ROOMSCAPES – WALLPAPERS THAT TELL A STORY
Panoramic wallpapers first became popular towards the end of the 18th century, with France and Britain leading the way. These large-scale, non-repeating scenic designs were works of art in themselves, turning walls into a spectacular focal point rather than a backdrop. Mostly designed to be installed above the dado rail, their narrative unfolded around all four walls of a room.
Themes included exotic landscapes, ancient architecture, bucolic scenes and mythological or historical events. Labour intensive and time consuming to produce, the exquisite hand-painted and block-printed wallcoverings became popular in wealthy households, appealing both to those who had travelled and those who wished to give an impression of worldliness. Trompe l’oeil effects were also frequently used, with papers imitating architectural details or the folds, pleats and swags of fabric.
French companies such as Zuber and Dufour led the way in this new art. Zuber, founded in 1797, is perhaps the best known manufacturer of ‘papiers peints’ (scenic wallpapers) and still produces its splendid traditional woodblock-printed papers today.
Sweeping wallscapes had largely gone out of fashion by the mid-19th century, with the development of printing presses opening the door to mass production, but a niche market for high-end, hand-crafted, custom-made wallcoverings remained. In more recent years, specialist companies such as Fromental and de Gournay have drawn on the rich tradition to produce their own bespoke, hand-painted designs.
As well as beautiful chinoiseries based on fanciful Oriental landscapes of the sort that were popular in Europe in the 18th and early 19th centuries, de Gournay has a stunning range of Papiers Peints Panoramiques in both vibrant technicolour and traditional ‘grisaille’ (shades of grey).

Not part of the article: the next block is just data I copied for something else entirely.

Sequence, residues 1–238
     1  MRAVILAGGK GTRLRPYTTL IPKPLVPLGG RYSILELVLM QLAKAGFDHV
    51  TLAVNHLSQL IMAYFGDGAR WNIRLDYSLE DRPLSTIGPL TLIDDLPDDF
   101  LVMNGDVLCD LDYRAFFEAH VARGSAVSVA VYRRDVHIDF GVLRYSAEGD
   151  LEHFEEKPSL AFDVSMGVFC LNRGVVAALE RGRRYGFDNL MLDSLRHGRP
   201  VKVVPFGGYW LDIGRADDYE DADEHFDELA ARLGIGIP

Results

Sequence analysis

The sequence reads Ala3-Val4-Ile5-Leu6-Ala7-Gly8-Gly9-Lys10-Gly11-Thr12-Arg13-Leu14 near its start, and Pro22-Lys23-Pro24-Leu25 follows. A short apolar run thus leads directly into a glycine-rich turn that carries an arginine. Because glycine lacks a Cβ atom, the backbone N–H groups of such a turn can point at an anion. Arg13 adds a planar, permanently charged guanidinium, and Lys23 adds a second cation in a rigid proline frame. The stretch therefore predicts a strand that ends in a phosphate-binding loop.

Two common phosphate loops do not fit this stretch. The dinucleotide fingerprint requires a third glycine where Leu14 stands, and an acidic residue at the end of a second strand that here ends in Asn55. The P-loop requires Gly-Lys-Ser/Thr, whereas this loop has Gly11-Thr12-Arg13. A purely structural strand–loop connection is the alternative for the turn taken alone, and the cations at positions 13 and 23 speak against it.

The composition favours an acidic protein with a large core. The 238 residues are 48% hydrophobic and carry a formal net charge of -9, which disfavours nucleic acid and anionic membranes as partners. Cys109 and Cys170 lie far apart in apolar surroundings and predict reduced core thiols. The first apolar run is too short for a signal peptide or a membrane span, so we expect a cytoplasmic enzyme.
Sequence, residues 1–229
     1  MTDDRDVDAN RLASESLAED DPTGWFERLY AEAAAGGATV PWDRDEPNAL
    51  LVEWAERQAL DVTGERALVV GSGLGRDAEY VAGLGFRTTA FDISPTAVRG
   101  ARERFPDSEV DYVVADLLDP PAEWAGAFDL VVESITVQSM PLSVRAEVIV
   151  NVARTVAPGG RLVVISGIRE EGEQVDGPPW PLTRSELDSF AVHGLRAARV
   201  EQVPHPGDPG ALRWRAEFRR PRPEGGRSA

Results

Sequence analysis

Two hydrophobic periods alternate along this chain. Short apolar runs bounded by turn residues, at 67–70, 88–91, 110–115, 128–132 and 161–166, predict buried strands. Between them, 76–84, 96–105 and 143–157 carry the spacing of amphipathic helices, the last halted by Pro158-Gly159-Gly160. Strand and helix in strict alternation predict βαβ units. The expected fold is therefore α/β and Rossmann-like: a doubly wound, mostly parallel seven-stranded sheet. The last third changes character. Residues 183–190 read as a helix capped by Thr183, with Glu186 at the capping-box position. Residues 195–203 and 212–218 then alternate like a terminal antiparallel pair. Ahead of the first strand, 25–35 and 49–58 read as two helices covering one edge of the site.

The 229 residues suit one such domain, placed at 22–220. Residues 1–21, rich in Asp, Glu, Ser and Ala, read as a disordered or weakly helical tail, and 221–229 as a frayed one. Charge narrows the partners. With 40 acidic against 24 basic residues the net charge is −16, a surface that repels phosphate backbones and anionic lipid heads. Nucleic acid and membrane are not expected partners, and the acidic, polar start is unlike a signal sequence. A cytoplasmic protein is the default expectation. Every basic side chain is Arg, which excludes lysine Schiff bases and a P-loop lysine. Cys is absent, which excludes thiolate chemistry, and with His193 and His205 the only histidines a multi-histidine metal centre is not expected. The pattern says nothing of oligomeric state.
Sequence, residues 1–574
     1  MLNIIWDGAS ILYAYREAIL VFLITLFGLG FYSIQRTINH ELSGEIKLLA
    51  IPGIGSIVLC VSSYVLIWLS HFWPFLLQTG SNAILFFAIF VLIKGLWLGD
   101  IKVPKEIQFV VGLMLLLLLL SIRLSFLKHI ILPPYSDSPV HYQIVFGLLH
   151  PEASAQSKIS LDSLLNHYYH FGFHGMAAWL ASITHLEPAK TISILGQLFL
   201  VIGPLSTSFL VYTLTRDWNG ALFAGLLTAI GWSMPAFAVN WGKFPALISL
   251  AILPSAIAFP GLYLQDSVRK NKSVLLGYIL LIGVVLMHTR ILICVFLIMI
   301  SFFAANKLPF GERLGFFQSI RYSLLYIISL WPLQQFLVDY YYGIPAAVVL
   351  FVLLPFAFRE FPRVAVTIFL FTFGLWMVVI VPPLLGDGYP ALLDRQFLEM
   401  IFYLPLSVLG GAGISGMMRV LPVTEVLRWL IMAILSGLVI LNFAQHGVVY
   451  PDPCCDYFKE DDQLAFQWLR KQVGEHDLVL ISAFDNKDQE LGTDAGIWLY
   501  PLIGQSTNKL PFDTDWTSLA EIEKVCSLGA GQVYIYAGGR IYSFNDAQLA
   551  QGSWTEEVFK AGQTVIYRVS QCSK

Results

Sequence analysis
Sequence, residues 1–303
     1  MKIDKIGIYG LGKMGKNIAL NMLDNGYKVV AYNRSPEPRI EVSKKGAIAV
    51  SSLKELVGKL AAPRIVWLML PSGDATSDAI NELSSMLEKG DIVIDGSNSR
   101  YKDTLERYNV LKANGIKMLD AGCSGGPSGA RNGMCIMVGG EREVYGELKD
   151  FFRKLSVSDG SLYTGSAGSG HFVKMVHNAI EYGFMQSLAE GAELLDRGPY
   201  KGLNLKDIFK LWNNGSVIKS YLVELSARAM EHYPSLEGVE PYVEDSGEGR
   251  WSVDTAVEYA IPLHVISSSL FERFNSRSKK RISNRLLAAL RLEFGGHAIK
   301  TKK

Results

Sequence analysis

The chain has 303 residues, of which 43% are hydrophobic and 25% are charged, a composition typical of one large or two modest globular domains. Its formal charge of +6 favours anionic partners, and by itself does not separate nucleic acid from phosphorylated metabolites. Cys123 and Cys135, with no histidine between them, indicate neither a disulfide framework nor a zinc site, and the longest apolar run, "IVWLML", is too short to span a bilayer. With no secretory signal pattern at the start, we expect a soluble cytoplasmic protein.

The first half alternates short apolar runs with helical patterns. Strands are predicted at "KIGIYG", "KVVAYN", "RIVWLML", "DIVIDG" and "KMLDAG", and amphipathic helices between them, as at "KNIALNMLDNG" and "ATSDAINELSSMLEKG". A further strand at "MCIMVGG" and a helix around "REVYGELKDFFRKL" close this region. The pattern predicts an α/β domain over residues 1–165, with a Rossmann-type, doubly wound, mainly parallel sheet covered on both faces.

This traditional design by Fromental tells the story of 18th Chinese life and industries, from the working of land to the goods passing through the Hongs of Canton:
Roomscapes don’t have to be limited to historical homes and period-style interiors, though – increasingly, panoramic papers are being reimagined for the contemporary home. de Gournay makes some atmospheric designs that would suit a modern space – we’re particularly fond of this dreamy Willow from its Japanese & Korean collection:
While this collaged Fromental wallpaper – one of our favourites – is made from hand-dyed, lacquered paper and portrays jagged mountains in distinctly contemporary fashion:
Fromental’s trompe l’oeil designs are equally diverse, ranging from an updated version of traditional panelling, depicted in loose brush strokes, to something altogether more industrial in style:
And we love the abstract, painterly nature of these designs by Elitis:
The vivid detail and rich narrative of panoramic papers make them a truly spectacular choice for a home. But for a more affordable alternative that creates a similar effect, there are some beautiful wide-width wallcoverings on the market, many of which are printed to order. Zoffany’s Verdure design, which depicts a magical woodland scene, is based on a 17th-century painted cloth (which, along with tapestries and landscape paintings, were a precursor to scenic wallpapers):
Lewis & Wood’s large-scale Royal Oak design is a modern take on toile:
And this pastel chalk print of wild deer in an enchanting forest setting (also Lewis & Wood) was created by professional muralist Flora Roberts:
Panoramic papers reflect a desire – still very much present today – to surround ourselves with vivid representations of nature and the outdoors. Whether we choose lush landscapes, fantastical lands, soaring mountains or woodland scenes, we strive to pique our imagination and be transported beyond the restrictions of our four walls.
Wells are on the Recommended Installers lists of both de Gournay and Fromental, so you can be sure that your delicate panoramic wallcovering is in safe hands with our expert team of paper hangers. Contact us today for an appointment to discuss your brief.